Google's G Suite Now Boasts Enterprise-Grade Google Voice, Revamped Cloud Search

Google wants users to leverage the cloud to create better user experiences, especially for enterprises using its flagship collaboration portfolio, G Suite.

Google built on its announcements during its opening keynote at Google Next on Tuesday on how it's boosting security and injecting AI into G Suite, sharing new functionality designed to wow partners and larger customers that may be considering Google for its collaboration needs.

To that end, Google revealed several new G-Suite offerings on Wednesday, including the long-awaited Google Voice for the enterprise.

[Related: Google Taps GE Digital's Carolee Gearhart As New Channel Chief]

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"There's still one area of the unified communications story we get questions about, and that's around telephony," said Garrick Toubassi, vice president of engineering for G Suite, during his keynote.

Google Voice has been a beloved consumer product for some time, but Google is ready to reveal a new beta version of its Google Voice for the enterprise through its G Suite Early Adopter program.

Google Voice, which will be powered by Google AI, will allow administrators to set policies and assign numbers to users. The product also includes timestamps and voicemail transcription.

"Enterprise Google Voice has been a product gap for Google. If they're going head-to-head with Microsoft, Microsoft has that solution, so we've had to fill that gap with third-party products," said Aric Bandy, president of Agosto, a Minneapolis-based Google-exclusive partner.

Bringing an enterprise version of Google Voice to market, Bandy said, will be a really important move for Google.

SADA Systems, a Los Angeles-based Google partner, goes through ROI audits with its customers to see what services they could turn off once they move to G Suite. Google has been in the game with email, calendar, and videoconferencing for some time, but the company has lacked an up-to-date voice strategy, according to Tony Safoian, CEO of SADA Systems.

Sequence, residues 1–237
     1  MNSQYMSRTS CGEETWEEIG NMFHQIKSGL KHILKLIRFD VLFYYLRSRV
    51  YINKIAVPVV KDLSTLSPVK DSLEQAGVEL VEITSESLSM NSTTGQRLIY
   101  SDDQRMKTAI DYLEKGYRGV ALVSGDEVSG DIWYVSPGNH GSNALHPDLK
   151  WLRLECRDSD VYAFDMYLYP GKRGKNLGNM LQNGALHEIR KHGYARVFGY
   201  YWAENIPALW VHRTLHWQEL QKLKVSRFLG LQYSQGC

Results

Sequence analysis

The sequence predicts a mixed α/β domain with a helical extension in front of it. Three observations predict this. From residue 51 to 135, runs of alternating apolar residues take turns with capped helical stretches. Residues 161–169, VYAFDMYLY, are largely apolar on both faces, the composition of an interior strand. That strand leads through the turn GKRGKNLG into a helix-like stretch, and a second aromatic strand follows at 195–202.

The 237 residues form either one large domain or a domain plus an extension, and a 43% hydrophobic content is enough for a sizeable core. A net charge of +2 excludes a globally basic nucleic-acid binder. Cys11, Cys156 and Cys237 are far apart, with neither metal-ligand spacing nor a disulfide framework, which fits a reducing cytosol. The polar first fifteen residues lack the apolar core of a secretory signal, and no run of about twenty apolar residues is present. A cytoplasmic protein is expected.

"Voice has been on the journey to the cloud for some time now -- it's the last mile. Google Voice added to the fabric of G Suite really rounds out its telecommunications strategy, and that's a significant step forward for Google," Safoian said.

The average user relies on 36 cloud services to get their job done, so simply moving to all G Suite services isn't an option for every business or enterprise user. With that in mind, Google plans to offer an enterprise version of Google Drive as a standalone product so that users can take advantage of collaborative document editing features while still using their legacy, third-party collaboration services.

"We think Google Drive as a standalone product really opens up the possibility for more businesses to start to experience the transformational benefits of G Suite," Google's Toubassi said.

Cloud Search is Google's tool launched last year that businesses can use to search across their company’s content, including Gmail, Drive, Docs, and Calendar. Google recognizes that information is often spread across many systems and users need the right data at the right time, so the company expanded a new functionality that lets users index third-party information, whether it's in the cloud or on-premises.

The new G Suite services and features are paying off. Toubassi revealed several enterprise customers that are now using G Suite, including appliance manufacturer Whirlpool and fitness company Soul Cycle.

"In the six years I've been working on G-Suite, and in all that time, I haven't seen this kind of momentum," he said. "Since last year, we added one million new business [customers] to G Suite, and that momentum is across the globe and across businesses of all sizes."